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Hackbright Field Trip to New Relic’s San Francisco Office!

The Spring 2014 class of Hackbright Academy engineering fellows visited New Relic‘s San Francisco office on Thursday for a field trip.

We enjoyed the coffee bar at the New Relic office on the 10th floor, which has a glorious view of the Bay Bridge and Port of Oakland’s container cranes across the San Francisco bay.

We were welcomed by New Relic software engineer Katherine Wu from the Portland office, who is a Hackbright alum. She talked about the APM product at New Relic, the engineering challenges and process at New Relic.

Next, New Relic engineers led smaller groups of Hackbright Academy engineering fellows through a New Relic exercise — teams focused on getting New Relic installed, getting the app up and running, and showing how activity on the app reports back to New Relic. This included noting any errors that are generated (for example, negative numbers as inputs to the factorial function in Kata 3).

Thanks to Kelsey Yocum on the business enablement team, Mariane Abou-Jaoudé, Shiv Kumar and Zoe Kay from the business enablement team, and Katherine Wu and Katie Miller from the app performance monitoring team for running the Hackbright fellows through the New Relic exercise!

After the exercise, the New Relic engineers gathered for a moderated panel discussion onstage. Joining were Belinda Runkle (engineering manager, agents team), Natasha Litt (director, business enablement team) and Margaret Le (engineering manager, business enablement team) who spoke candidly about the opportunities and challenges for Hackbright Academy engineering fellows.

Thanks to New Relic for hosting the Hackbright Academy class for spring 2014! We enjoyed lunch, “data nerd” t-shirts and great connections and conversations with New Relic engineers! Looking forward to seeing New Relic at Career Day!

Data nerd Zoe Kay, New Relic software engineer at work

Zoe Kay is a software engineer at New Relic’s San Francisco office. She made basic webpages before going studying social science at Portland State. She spent time at Americorps and other good stuff before soul-searching, traveling, and dabbling in programming – and deciding it was her path. Zoe was in the first class at Hackbright Academy, which she started after completing several levels of Javascript on Codecademy’s website.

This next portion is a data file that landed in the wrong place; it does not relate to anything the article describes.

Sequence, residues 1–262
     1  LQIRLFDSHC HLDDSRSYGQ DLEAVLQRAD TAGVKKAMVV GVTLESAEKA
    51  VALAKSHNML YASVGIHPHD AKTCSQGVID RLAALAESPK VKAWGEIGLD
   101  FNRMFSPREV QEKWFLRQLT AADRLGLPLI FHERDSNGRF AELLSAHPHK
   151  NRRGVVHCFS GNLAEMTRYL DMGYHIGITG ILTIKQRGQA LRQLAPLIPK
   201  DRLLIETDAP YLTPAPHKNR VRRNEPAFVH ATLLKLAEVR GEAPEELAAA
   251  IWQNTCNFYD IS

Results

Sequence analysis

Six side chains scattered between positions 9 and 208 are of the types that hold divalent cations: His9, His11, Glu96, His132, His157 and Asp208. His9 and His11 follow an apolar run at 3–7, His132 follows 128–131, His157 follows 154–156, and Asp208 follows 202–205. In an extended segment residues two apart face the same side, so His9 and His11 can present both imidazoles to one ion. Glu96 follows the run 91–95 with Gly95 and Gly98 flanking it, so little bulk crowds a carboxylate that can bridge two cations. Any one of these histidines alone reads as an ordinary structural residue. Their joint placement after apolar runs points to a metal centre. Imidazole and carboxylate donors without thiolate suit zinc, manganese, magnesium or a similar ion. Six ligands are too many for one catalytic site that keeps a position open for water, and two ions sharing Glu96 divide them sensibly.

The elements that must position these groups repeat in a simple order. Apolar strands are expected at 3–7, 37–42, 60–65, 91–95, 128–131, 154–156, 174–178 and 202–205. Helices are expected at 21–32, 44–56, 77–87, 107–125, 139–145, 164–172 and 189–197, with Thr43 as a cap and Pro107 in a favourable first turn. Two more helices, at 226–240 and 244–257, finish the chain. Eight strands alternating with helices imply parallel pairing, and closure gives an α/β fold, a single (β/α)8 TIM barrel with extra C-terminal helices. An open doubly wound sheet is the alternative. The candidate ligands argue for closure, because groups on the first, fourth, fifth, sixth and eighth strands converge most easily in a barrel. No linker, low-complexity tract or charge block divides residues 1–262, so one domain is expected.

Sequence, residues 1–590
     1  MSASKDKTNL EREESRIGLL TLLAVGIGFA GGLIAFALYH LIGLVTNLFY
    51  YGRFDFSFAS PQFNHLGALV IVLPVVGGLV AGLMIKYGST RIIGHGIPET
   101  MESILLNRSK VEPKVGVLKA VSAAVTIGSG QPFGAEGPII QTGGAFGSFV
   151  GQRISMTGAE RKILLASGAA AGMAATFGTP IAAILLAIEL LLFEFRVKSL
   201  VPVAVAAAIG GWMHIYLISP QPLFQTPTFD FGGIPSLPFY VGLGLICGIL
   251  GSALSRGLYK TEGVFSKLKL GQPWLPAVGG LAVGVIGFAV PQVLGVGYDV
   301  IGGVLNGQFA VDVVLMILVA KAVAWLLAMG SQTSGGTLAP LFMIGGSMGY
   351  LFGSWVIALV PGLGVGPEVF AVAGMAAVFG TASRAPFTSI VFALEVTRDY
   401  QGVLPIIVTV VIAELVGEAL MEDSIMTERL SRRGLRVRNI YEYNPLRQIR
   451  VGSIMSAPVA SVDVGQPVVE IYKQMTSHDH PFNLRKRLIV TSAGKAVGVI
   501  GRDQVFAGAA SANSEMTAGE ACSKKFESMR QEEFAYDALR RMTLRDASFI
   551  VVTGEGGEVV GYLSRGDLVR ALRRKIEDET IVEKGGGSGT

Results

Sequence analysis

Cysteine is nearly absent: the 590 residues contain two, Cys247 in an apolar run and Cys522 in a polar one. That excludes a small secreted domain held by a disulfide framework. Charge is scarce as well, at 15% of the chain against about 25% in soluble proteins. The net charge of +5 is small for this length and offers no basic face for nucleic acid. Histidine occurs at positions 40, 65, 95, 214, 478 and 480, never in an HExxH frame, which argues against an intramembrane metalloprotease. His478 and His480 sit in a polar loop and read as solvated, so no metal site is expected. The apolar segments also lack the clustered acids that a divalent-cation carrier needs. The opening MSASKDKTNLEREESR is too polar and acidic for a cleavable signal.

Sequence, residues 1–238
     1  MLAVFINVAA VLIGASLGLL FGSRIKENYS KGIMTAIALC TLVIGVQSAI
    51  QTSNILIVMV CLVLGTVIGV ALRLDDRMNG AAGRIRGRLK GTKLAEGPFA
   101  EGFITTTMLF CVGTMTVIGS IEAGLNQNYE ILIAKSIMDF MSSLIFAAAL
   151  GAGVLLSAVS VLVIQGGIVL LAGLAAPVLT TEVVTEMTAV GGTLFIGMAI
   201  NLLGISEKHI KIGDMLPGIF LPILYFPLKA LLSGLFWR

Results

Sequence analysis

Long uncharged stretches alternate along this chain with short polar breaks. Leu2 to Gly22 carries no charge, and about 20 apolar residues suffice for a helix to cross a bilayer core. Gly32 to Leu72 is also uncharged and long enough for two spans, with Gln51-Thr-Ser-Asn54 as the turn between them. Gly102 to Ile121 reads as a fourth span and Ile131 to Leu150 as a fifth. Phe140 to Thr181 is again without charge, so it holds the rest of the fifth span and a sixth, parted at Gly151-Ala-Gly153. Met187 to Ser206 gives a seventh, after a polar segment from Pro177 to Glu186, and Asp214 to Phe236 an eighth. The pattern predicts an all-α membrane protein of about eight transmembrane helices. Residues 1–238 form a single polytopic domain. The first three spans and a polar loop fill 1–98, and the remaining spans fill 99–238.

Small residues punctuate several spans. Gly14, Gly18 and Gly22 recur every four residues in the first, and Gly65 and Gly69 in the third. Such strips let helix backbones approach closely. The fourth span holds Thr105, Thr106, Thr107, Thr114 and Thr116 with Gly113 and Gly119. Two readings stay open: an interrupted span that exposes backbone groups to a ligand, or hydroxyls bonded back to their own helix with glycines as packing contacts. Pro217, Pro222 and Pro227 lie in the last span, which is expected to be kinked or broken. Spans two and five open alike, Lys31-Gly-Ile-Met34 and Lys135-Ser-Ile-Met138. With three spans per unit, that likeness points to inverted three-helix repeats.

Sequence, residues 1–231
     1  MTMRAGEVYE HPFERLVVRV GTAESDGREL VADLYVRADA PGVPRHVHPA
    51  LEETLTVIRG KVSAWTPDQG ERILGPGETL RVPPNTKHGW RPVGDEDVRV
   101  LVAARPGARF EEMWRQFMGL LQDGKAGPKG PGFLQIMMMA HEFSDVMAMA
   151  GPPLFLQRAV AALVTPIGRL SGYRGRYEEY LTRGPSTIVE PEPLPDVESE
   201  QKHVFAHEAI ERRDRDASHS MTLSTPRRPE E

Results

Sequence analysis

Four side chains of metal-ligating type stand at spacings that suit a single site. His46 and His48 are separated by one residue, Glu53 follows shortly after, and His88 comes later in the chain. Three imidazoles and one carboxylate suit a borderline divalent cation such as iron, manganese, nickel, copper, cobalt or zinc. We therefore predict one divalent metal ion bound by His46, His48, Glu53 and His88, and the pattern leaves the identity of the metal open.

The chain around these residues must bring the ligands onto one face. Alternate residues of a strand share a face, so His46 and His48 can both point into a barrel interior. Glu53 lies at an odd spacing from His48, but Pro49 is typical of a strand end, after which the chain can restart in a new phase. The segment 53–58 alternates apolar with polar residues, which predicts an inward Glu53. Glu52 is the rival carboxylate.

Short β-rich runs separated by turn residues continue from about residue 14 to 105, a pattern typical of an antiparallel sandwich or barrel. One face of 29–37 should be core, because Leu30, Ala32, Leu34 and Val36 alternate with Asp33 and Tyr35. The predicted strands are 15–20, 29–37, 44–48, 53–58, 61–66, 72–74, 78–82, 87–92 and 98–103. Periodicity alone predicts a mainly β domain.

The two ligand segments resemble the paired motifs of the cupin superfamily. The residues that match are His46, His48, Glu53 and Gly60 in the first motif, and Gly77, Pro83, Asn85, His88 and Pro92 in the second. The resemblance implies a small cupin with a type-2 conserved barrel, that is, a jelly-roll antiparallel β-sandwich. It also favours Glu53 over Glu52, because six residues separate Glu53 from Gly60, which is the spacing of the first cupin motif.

Zoe Kay
Software Developer, New Relic

Zoe Kay is a software engineer at New Relic. Before becoming a developer, she studied social science at Portland State, worked at Americorps and dabbled in programming before deciding it was her path. Zoe is a graduate of the inaugural class at Hackbright Academy. Here is her story.

Building software never crossed my mind – until I started dating someone who did it as a living.

I saw some of the interesting projects they were working on and how they could make real world changes (health care software, etc).

While I couldn’t understand the lingo when they were talking passionately, it seemed stimulating, challenging, and enjoyable – not at all the way I had pictured a programming job.

What’s Your Favorite Part of Being a Software Engineer?

My favorite part of being a software engineer is the satisfaction of solving a hard problem: after working for hours and tracking down all the bugs, after many hours, finally seeing end-to-end success.

It’s rewarding knowing that thousands of people will see/use what you’ve built at New Relic!

How Did You Get Your Current Job?

New Relic has been a partner of Hackbright Academy from the very beginning – I was in the first class at Hackbright, and I interviewed with New Relic at Career Day.

I was excited to work for them because developers I knew used/liked their product, they offer a real service, and I really like Portland, where most of their engineering team is. I interviewed at New Relic’s Portland office and everyone was super nice – this was before their nice San Francisco office, so it was their attitude alone that got me. :)

I started working as an intern in Portland, moved to the San Francisco office as a junior developer, and have moved up to developer.

What’s a Typical Day Like as a Software Engineer?

After getting in and eating breakfast, I go through the emails I’ve gotten. Then, I have standup meeting with my team.

I pick up where I left off the day before, which usually means coding Angular or Ruby on Rails. Sometimes it means:

– pairing with another developer on a hard problem we’re both encountering
– writing up test cases to pass my work on to our QA engineer
– reviewing a pull request
– going to meetings for my project or with team

Best Advice?

As long as you keep learning, don’t worry about how everyone else is doing. It is not a requirement to be obsessed with tech to be successful in it.